LIONEL MESSI (Argentina): Shy, only 22, and already considered the best soccer player in the world, he’s a magician with the ball. You’ll need slow motion to keep track of his footwork once he starts weaving through opponents inside the box. He scored one goal in his first World Cup appearance, in 2006, which also made him, at age 18, the youngest player to play for Argentina in the World Cup. “Messi is a creature as biologically adapted to play football as a shark is to smell blood, a salmon to swim upstream, a squirrel to gather nuts,” says the London Times. He plays professionally for Barcelona. Soccer fans in Pretoria, South Africa, wave to Messi and teammate Juan Sebastian Veron during practice on June 6. Enrique Marcarian/Reuters
CRISTIANO RONALDO (Portugal): A lethal dribbler and long-range shooter, the 25-year-old started his career in 2003 with Manchester United until 2009, when he was sold for a record $132 million to Real Madrid, where he now plays professionally. In the 2006 World Cup, he scored one goal. His explosive speed and upper-body strength make him the LeBron James of soccer. Watch for him to blow by opponents – when he’s not running them over. Ronaldo (l.) takes a shot on goal during a friendly soccer match against Cameroon on June 1 in Covilha, Portugal. Armando Franca/AP
WAYNE ROONEY (England): Rooney is the key to the Brits winning the World Cup, which has been predicted by analysts at JP Morgan. The hot-tempered striker will need to look at the tattoo on his forearm – which reads “Just Enough Education to Perform” – to remember to keep his cool and stay in the game. Rooney twisted his ankle in the Champions League quarterfinal on March 30, but he’s fit to play in the World Cup. He plays professionally for Manchester United and will be key to the Three Lions’ chances of advancing to the latter stages of the tournament. Rooney is seen here reacting in a goal during a match against Japan in Graz, Austria, on May 30. Darko Bandic/AP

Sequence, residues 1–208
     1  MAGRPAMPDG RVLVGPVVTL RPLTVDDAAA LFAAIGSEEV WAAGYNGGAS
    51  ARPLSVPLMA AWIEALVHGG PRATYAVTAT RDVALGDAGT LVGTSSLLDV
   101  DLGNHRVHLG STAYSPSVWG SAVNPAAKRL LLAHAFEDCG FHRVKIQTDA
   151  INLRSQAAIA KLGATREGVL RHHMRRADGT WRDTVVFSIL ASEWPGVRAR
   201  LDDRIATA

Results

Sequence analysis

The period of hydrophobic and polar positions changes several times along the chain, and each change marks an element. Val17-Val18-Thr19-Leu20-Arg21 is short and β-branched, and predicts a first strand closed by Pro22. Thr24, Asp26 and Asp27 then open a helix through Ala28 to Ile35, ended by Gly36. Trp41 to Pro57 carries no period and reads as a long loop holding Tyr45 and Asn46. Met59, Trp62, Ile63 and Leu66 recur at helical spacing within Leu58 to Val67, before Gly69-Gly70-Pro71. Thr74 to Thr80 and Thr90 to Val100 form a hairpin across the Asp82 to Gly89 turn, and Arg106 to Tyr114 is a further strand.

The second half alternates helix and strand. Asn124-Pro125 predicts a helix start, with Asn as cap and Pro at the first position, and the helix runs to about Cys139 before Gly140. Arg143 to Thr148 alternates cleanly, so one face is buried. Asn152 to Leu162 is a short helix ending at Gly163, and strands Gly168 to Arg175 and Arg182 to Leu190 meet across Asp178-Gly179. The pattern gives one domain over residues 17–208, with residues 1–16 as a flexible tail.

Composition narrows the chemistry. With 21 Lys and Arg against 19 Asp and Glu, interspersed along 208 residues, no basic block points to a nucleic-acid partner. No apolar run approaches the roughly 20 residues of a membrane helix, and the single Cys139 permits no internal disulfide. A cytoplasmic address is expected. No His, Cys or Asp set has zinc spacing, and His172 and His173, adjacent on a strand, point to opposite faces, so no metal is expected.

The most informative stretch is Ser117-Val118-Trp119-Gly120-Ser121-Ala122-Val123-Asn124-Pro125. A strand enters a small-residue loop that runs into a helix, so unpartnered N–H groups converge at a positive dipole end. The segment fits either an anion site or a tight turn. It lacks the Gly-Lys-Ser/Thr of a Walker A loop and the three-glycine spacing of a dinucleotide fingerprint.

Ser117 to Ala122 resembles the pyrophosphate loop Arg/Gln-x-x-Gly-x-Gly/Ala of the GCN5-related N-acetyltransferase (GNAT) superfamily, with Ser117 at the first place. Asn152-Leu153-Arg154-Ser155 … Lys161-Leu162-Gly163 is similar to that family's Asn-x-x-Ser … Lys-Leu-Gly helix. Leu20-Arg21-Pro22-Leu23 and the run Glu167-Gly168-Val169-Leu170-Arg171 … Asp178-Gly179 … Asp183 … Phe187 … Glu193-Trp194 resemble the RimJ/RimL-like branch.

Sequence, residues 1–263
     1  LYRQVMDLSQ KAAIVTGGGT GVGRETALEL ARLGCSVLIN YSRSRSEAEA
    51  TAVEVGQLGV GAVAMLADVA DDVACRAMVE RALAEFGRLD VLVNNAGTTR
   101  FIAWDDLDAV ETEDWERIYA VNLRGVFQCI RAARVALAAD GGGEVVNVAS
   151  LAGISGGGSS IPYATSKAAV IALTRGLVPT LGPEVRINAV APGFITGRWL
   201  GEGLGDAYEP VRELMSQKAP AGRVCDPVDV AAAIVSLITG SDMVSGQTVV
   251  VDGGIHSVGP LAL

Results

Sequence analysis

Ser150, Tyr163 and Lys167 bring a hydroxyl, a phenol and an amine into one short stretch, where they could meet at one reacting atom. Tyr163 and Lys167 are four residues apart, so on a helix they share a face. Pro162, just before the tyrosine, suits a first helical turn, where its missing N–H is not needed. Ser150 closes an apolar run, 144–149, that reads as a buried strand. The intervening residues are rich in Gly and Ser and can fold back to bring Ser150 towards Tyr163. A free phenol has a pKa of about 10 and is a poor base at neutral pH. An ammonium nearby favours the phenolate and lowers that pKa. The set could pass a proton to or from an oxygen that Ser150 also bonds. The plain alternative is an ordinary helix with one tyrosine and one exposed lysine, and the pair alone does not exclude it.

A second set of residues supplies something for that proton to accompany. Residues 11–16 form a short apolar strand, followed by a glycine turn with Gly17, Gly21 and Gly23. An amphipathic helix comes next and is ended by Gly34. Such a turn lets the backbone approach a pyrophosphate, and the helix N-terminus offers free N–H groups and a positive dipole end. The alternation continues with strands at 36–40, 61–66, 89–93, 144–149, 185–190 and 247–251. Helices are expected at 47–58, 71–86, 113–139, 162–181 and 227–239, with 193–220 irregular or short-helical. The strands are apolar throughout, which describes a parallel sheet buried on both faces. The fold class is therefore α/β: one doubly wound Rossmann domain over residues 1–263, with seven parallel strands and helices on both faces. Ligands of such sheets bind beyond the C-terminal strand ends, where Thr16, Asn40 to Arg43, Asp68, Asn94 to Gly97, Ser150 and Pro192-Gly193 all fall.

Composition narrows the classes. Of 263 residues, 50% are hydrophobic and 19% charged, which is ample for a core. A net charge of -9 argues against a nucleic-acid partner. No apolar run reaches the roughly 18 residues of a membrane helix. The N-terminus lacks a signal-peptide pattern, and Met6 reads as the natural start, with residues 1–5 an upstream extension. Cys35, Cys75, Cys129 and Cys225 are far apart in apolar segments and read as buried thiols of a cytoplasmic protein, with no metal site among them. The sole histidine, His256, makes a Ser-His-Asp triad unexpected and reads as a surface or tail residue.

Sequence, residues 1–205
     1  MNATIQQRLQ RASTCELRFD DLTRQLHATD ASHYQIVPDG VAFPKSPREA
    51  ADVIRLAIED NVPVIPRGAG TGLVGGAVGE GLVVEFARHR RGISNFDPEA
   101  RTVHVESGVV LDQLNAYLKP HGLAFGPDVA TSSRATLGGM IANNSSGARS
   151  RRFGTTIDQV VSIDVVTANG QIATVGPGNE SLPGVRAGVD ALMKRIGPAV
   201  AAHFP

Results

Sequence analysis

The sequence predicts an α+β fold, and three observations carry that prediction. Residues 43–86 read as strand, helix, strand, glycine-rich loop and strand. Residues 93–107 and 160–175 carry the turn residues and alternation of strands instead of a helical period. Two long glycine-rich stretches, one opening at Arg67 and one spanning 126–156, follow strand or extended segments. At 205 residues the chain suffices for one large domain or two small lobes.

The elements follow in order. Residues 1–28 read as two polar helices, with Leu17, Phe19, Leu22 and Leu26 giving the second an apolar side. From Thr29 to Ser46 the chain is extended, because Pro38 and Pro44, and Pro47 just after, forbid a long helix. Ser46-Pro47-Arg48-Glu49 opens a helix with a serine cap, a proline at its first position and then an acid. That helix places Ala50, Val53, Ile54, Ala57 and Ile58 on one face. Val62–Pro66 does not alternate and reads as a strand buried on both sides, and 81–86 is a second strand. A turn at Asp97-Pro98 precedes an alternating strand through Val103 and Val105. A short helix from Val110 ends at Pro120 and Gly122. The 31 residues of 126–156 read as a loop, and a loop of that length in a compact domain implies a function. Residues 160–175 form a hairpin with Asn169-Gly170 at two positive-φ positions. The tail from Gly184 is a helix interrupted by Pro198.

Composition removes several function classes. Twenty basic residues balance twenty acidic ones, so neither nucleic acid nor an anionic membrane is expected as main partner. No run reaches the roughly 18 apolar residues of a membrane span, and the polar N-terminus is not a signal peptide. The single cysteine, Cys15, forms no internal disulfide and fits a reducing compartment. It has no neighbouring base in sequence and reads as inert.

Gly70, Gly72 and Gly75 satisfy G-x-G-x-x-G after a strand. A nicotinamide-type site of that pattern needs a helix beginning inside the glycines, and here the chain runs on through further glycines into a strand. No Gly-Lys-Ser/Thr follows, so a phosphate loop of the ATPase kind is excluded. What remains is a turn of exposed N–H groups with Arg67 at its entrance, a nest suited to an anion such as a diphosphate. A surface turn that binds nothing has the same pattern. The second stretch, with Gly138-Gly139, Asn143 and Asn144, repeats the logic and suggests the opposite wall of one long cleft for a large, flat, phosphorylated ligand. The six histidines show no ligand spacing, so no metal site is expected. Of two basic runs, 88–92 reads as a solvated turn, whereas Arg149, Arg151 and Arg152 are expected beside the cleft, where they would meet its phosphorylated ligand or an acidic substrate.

KAKA (Brazil): The 2007 FIFA Player of the Year. The 28-year-old is beloved by his home country, but also by Spain, where he plays professionally for Real Madrid. He is a World Cup veteran, with appearances in 2002 and 2006. He is joined by Brazilian teammate Maicon, also age 28, arguably one of the world’s top 10 players and best defenders. Kaka is welcomed by supporters at the Rainbow Towers Hotel in Harare, Zimbabwe, on June 1 as Brazil arrived to face Zimbabwe in a warm up match ahead of the World Cup. Philimon Bulawayo/Reuters
XAVI (Spain): A savvy midfielder and considered the pulse of the Spanish team. He finished third for the 2009 FIFA Player of the Year award, behind only Messi and Ronaldo. He is joined by star teammates Fernando Torres (a top scorer), Andres Iniesta (nicknamed "The Illusionist"), and Iker Casillas (who tops of many people’s lists of the world’s best goalkeepers). He plays professionally for Barcelona. Here, Xavi (l.) celebrates with teammate David Villa after Villa's goal against Poland during a friendly match at the Nueva Condomina stadium in Murcia, Spain, on June 8. Alberto Saiz/AP